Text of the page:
Friday, July 22, 2016

The Gulf on the Malayali Big Screen: an outline history

Mohamed Shafeeq K. 

(Shafeeq teaches Comparative Literature at University of Hyderabad and can be reached at

The first Malayalam movie to refer to what is called the Gulf came out in 1980, and was called Vilkkanundu Swapnangal – Dreams for Sale (dir. M. Azad). Who did the selling was not clear, but there were clear buyers, the Malayalis being foremost among them. Written by M.T. Vasudevan Nair, the movie begins with a voice-over telling us
[how] we [were] always attracted by the promise of a land where we can harvest gold.  Once upon a time it was Ceylon, then it was Malaya. In the last one decade there have been stories doing the rounds of a land where you end up being rich if you somehow, even selling off the roof over your head, you can manage to reach there. Thousands of youth now found a dream to cherish – Dubai.
The movie depicts the hardships and perils of the journey of the days then where many did not even make it to the other shore alive.  It also offers other conclusions:  as the protagonist of the movie, Rajagopala Menon, discovers, (i) Gulf can make you rich beyond your dreams, (ii) but all the richness of it, the villa there, the house in Kerala – none of it – can help you win your love, Sridevi, who would bang the door of her crumbling Nair tharavadu (feudal household) on your face, and (iii) there are more migrants on the way. The movie offers glimpses of what Dubai used to be back then and is thus a rarity.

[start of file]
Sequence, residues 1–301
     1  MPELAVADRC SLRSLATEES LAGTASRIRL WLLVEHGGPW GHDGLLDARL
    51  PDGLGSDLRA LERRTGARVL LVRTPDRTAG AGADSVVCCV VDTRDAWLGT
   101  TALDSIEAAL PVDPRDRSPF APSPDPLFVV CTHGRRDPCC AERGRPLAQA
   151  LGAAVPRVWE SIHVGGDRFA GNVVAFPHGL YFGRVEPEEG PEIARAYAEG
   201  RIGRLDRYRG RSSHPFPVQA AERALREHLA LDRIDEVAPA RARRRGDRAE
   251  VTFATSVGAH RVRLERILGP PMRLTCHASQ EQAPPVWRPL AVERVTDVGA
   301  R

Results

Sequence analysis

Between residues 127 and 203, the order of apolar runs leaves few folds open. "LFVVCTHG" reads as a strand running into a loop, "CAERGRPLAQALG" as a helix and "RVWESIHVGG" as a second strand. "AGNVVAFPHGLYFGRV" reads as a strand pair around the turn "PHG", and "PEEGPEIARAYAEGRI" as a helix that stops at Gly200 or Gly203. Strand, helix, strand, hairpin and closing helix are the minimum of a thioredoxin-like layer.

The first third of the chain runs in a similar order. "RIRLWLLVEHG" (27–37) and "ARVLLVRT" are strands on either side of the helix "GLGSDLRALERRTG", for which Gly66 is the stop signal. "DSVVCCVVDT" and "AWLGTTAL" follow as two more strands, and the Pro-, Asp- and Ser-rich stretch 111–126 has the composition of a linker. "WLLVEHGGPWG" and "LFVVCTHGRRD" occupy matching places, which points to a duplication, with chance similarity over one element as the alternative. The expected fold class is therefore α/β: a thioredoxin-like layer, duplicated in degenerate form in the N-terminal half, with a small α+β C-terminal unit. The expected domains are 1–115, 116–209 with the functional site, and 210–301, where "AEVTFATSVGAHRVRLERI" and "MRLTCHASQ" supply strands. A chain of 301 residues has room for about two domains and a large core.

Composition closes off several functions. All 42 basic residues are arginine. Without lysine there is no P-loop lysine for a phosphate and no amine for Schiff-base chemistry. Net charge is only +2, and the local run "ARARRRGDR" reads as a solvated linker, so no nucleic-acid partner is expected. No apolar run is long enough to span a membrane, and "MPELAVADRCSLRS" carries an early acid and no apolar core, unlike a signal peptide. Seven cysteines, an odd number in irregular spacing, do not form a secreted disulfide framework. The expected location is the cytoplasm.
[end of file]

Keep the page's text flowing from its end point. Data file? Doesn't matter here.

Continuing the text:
Mass migration in Kerala started by the mid-1960s and peaked post the oil boom of 1973 such that ever since almost 10% of Kerala’s total population has been employed in the Gulf.  However, Gulf as a term took its own time to establish itself, with Persia being the first cover word for the Middle East, a reference to Iran which had been a mass employer in the days of yore. Gulf also took its time to establish itself in the imagination of the Malayalam film.  The migration had already made its mark in the popular culture, an interesting marker of which is the popularity of letter songs in the Mappila song culture.  The Mappila, a Muslim community in Kerala, provided the bulk of the migrant labourers to Gulf from Kerala.  The letter songs was a genre with a longer history, but it underwent a transformation in 1976 with S.A.Jameel’s Dubai Kathu (Dubai letter) song, and with the cassette revolution of the 1980s, it became a popular genre of Mappila songs.  Soon the letter songs also gave rise to “Phone songs” in which the putative phone conversations between the migrant labourer and his loved ones back home were put to tune.  These songs followed certain generic forms and were easily identifiable due to its form and also because they were brought out as collections of letter songs or phone songs.